Law student Ahmari and Weddady, civil rights outreach director of the American Islamic Congress, present the “most compelling voices” from an essay competition they organized shortly after Lebanon's Cedar Revolution in 2005.
The online competition was designed to give a means of expression to individuals under the age of 25 looking to find their voices on issues of religious and political freedom and human rights. During a five-year period, the editors received more than 8,000 essays from 22 countries in four languages. Each year the writers were asked to share either an example of the “pain of repression,” or concrete projects designed to strengthen civil rights or dreams of a better future. As a byproduct the process also opened pathways to recruit activists. The editors present the essays under three headings: “Trapped,” “Unequal” and “Breaking Through.” The views expressed by the essayists reflect an impressively diverse cross-section of the Middle Eastern world. From Iran came contributions from the Baha’i and the Sunni religious minorities. The Baha’i are not allowed to participate in Iran's educational institutions, and Sunni ways of praying are banned in Shia Iran. The appeal for religious freedom also came from Saudi Arabia, where a student explores her process of standing up for herself against a repressive teacher. Also included are horrifying accounts of fundamentalist violence from Algeria and pleas for Western-style freedoms for homosexuals, along with accounts of the persecution of women.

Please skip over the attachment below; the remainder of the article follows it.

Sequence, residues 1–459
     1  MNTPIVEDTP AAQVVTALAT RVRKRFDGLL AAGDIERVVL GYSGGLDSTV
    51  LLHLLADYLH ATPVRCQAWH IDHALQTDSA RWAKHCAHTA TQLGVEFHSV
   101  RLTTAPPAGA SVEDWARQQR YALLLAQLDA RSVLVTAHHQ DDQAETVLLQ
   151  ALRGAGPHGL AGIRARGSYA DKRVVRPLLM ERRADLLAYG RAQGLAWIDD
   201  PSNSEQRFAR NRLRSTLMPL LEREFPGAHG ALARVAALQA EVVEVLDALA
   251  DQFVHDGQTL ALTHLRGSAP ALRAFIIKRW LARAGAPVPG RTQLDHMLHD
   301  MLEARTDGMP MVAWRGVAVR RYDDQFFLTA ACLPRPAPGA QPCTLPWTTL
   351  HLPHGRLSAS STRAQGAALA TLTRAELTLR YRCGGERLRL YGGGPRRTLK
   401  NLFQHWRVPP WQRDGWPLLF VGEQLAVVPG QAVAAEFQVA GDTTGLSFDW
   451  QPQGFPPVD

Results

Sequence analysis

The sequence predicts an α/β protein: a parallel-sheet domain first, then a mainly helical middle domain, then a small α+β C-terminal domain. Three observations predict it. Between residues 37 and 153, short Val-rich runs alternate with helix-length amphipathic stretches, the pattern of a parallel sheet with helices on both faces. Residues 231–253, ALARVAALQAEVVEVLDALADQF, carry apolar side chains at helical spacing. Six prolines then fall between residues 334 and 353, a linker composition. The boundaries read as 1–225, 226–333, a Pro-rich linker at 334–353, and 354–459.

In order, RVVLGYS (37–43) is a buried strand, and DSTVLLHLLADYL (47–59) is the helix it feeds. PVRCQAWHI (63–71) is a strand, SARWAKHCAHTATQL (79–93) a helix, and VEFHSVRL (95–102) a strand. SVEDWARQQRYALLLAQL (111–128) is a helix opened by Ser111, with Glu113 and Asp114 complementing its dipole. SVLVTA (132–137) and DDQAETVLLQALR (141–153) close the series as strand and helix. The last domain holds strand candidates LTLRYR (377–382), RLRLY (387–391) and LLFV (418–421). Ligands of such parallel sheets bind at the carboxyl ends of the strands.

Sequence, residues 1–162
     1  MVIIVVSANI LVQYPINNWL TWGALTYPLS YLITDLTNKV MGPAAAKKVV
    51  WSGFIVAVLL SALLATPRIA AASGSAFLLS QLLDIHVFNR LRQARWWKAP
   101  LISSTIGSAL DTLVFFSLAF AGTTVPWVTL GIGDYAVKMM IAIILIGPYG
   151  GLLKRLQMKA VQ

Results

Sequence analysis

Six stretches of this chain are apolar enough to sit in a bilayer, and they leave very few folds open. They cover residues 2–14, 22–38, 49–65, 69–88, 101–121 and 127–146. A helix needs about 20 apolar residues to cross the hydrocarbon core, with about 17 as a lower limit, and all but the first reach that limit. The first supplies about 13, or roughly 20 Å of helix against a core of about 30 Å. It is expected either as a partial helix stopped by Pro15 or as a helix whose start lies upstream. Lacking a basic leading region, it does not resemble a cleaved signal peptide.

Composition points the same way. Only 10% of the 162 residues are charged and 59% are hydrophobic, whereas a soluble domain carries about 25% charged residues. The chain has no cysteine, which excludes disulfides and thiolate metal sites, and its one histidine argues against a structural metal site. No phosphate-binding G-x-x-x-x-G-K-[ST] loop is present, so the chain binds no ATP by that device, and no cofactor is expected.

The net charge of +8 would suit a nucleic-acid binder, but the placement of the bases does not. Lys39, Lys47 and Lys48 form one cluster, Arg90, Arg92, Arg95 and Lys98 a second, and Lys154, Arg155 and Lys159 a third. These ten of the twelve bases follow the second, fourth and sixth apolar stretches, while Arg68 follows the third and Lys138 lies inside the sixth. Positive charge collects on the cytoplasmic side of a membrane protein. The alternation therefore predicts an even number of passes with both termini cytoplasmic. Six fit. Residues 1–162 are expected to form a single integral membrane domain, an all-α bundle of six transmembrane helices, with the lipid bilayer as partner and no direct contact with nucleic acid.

A slim volume that successfully presents “treasures, surprises, and rewards.”